• Early-Onset Peripheral Neuropathy—a nervous system condition that causes numbness, tingling, and motor weakness. It must be at least 10 percent disabling within one year of herbicide exposure.
  • Porphyria Cutanea Tarda—a disorder characterized by liver dysfunction and by thinning and blistering of the skin in sun-exposed areas. Must be at least 10 percent disabling within one year of exposure to herbicides.
  • Prostate Cancer—one of the most common cancers among men
  • Respiratory Cancers (including lung cancer)—cancers of the lung, larynx, trachea, and bronchus
  • Soft Tissue Sarcomas (other than osteosarcoma, chondrosarcoma, Kaposi’s sarcoma, or mesothelioma)—cancers in body tissues such as muscle, fat, blood and lymph vessels, and connective tissues

Joe Lyon is an experienced Ohio toxic tort lawyer and VA Attorney reviewing Agent Orange Exposure Lawsuits and personal injury cases for injured veteran plaintiffs nationwide.


Blue Water Navy Vietnam Veterans Exposure


For major expense reasons, the VA opposes extending benefits to veterans who served on ships during the Vietnam War and have exposure-related ailments linked to Agent Orange.

Court papers show that the U.S. was aware that Agent Orange was toxic to those exposed to the chemical. Dioxins, byproducts of the herbicide manufacturing process, accumulates in fatty tissues, and can persist for hundreds or thousands of years, contaminating areas and can lead to cancer and various disabilities.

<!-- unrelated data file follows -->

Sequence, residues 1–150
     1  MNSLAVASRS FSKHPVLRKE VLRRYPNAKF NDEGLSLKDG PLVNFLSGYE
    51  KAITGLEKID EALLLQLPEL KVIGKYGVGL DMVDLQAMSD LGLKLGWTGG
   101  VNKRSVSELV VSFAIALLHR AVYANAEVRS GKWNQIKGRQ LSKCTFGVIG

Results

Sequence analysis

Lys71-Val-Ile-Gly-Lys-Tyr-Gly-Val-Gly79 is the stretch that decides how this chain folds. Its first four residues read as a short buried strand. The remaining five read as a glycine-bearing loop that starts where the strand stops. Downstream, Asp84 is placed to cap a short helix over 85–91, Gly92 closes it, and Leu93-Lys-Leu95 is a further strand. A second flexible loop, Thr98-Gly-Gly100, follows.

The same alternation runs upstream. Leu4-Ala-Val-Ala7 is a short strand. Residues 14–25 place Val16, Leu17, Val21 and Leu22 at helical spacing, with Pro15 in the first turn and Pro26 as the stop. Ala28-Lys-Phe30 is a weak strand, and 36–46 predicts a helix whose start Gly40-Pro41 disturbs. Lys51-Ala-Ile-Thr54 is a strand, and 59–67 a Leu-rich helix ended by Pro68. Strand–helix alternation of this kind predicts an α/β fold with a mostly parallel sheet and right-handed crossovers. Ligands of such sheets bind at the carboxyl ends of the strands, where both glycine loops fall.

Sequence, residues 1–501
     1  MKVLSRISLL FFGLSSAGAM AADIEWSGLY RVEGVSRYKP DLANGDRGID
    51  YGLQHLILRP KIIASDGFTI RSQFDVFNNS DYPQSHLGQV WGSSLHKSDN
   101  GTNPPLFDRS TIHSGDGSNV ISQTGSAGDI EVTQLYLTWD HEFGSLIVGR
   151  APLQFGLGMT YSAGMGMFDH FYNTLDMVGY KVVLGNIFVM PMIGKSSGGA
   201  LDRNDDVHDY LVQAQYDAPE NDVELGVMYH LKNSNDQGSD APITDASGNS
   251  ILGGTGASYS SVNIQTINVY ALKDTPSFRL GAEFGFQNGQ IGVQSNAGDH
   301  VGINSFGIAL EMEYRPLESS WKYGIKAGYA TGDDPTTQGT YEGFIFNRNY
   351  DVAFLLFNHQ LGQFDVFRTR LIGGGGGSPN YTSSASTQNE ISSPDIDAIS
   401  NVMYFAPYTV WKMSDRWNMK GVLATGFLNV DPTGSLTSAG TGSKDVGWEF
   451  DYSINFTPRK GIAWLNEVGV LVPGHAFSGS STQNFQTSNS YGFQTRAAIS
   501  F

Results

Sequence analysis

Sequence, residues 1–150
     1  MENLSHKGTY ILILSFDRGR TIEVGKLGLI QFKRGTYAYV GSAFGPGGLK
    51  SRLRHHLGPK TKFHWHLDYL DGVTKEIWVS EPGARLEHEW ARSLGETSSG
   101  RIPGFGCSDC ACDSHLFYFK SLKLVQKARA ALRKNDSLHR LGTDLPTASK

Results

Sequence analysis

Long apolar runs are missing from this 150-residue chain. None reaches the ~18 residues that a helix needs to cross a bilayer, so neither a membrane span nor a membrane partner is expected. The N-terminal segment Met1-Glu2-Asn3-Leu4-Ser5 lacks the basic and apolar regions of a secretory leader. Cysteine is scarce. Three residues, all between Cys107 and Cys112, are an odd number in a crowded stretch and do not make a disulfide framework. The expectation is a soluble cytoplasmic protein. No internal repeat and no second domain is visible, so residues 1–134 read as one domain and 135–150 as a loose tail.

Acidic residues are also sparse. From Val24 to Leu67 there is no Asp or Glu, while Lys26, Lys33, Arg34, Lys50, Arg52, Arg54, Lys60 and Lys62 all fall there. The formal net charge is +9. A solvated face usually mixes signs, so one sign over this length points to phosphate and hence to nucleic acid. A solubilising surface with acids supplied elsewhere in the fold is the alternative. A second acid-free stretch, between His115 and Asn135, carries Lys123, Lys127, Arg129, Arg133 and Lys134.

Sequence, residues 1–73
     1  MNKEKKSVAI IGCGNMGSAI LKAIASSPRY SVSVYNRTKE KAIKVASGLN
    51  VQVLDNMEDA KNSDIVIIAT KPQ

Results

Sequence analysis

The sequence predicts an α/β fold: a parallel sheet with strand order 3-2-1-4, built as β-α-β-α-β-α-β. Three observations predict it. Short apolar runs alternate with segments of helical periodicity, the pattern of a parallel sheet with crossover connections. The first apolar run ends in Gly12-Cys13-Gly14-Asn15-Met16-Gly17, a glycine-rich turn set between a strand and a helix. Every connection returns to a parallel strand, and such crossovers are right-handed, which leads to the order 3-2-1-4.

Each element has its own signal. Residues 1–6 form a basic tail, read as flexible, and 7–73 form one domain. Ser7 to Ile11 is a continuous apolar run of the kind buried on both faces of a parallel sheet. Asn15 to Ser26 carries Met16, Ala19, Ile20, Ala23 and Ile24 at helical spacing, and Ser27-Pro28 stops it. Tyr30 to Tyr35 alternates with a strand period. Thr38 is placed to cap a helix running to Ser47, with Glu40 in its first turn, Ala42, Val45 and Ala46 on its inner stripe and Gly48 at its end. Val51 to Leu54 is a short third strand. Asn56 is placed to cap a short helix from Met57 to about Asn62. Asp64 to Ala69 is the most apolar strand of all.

After the Vietnam War, blue water Navy veterans began noticing higher cancer rates and other diseases linked to Agent Orange. In 1979, a class-action lawsuit representing veterans was filed against the chemical companies and a $240 million settlement was reached.

Agent Orange exposure presents lifetime risks and in June 2017, 1,500 to 2,100 troops who served as flight and ground crews for aircraft that distributed the Agent Orange were added to the VA benefit roles. Reports showed Navy veterans could have been exposed to the toxins in drinking water and their laundry.

About 650,000 Vietnam veterans have made Agent Orange benefit claims, and now an additional 50-70,000 veterans are eligible for Agent Orange benefits.

Blue Water veterans argue the VA has been “cherry-picking” information from scientific reports to conclude there is no scientific basis to support extending Agent Orange-related benefits. Other experts on the subject think exposure was highly likely for all Vietnam veterans.